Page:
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Horizon: Forbidden West framerate
Horizon: Forbidden West framerate

Horizon: Forbidden West Simulated Framerate Comparison

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If you are curious to see what a 60FPS Horizon: Forbidden West might look like, when, not if we get one, then we at Gaming Instincts have you covered with a side-by-side comparison of both for you to watch. During this, we run the game both at the 30 framerate the Demo was showcased in and a simulated 60 framerate for comparison purposes.

A Side By Side Comparison

Our comparison is running at 1080P, which is what the original demo was showcased at. Another video that exists from Sony is available online running at 4K and 30FPS. While it is not clear if that is running in Native 4K or an upscaled form it already showcases that the demo was not the height of what the game can already run at.

The demo has only a few cutscenes within it but the first should easily illustrate the difference between the two versions. Running slightly faster than 60FPS will not synch up with its 30FPS counterpart. From a personal standpoint, I dislike the jarring camera cuts that sometimes occur when a scene is run at this speed. However, the motions of the characters appear more polished on screen.

The exploration is the first element that really pops when watching the game in 60FPS. The game uses open areas and strong wind effects to sweep its landscape. You can expect to see tall grass, hanging shrubbery, and the wide ocean all in motion as you play. While a small detail in such a big game, once you start watching, the difference is instantly noticeable. Details like this allow you to get lost in the moment-to-moment experience the game offers.

However, if there’s one thing people know that have played a 60fps game delivers on it is combat. Aloy’s fight against the Tremortusk, a robotic wooly mammoth, dominates the last portion of the demo and the comparison is night and day. It is hard to describe in exact words how it feels to move at a higher framerate. However, I already feel the control the option will present. If it is anything like its predecessor gamers can expect combat to feel lighter, it is good.

Now to be fair there is nothing wrong with 30 frames, it gets the job done. No matter how gamers choose to play the game they are sure to enjoy themselves. At worst this should showcase what the game is getting right. And without playing the game it really is hard to explain something that is largely based on a feeling you get knee-deep into an epic battle, or climbing a mountain, or simply stopping to take it all in.

What Gamers Should Expect

When Horizon: Forbidden was first showcased for the PlayStation 5 people went crazy. Every piece of hardware needs a killer app and what was better to convince people to upgrade than a return to the land of robot dinosaurs. While still an exciting game, much of that hype has dissipated since then.

First, the game was announced across both generations of PlayStation. While I understand the need for companies to do this (you know, that green thing in your wallet) this is always going to limit a development team. This time around it will hurt more than usual. While the Original PS4 ran at 1.8 teraflops, this number was upgraded to 4.2 for the release of the PlayStation 4 Pro, then again this number was increased to 10.28 for the PS5. All three of these numbers need to be hit by the development team, but as Cyberpunk showcased, one version always takes priority and earlier versions always hurt.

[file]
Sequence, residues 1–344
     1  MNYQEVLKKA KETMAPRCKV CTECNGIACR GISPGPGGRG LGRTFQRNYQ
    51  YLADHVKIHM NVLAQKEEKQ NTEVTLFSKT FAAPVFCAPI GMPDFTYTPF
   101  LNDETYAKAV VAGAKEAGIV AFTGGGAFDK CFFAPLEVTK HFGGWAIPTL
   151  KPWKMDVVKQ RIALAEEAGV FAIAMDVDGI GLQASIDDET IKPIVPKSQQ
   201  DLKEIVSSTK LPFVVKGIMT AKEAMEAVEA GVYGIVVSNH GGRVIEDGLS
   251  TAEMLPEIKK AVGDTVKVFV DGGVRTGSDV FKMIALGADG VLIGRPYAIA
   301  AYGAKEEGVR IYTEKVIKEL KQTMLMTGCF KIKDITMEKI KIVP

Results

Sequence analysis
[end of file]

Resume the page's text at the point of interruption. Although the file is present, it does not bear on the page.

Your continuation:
Second, we saw a year of painful silence on the game. Sony has chosen to avoid E3 over the past few years which means no dedicated time to actually know we will see these games. When the game was showcased while hyping the new generation of consoles it looked breathtaking. It was expected that closer to the release of the PlayStation 5 we might see more, after all, this was the true showcase of the power that was coming. Of which we know now that isn’t technically true anymore.

Third and Final, when we did see gameplay for the game it was only running at 30FPS. Frames per second is a frequency rate at which consecutive frames are displayed. While the console has fluctuated for years between 30 and 60, higher-end PCs have enjoyed the luxury of 60 frames since around the launch of PlayStation 4. Now a mid-range PC is pretty sure to hit those numbers, with many more expensive ones reaching 144 or higher. Being stuck at 30 at this point is not a good look to have.

Luckily we may not remain there forever, or even very long. This has seemingly been an issue with the PlayStation 5 since its launch. Recently, many games launched on the system locked in 30 have begun to add a more updated range. These include the day one launch game Spider-Man: Myles Morales and most recently Watch Dogs: Legion.  While Horizon: Forbidden west most certainly looks pretty and has a large world, the likelihood that its technology far outpaces these games is not likely.

Transitioning from generations can be a difficult process. Making it even worse it is hard to place whether the development of the PlayStation 4 version was disrupted by the PlayStation 5, or if vise versa, they were forced to build backward for the prior gen.  However that occurred, gamers might like to look back at the release of the original Watch Dogs for tempered expectations. Unlike that time I expect the graphics will be on par with what we have seen, but it will be a game with benchmarks set by scattered dictations.

Horizon: Forbidden West has no set release date yet. It will be available for the PlayStation 4 and the PlayStation 5.

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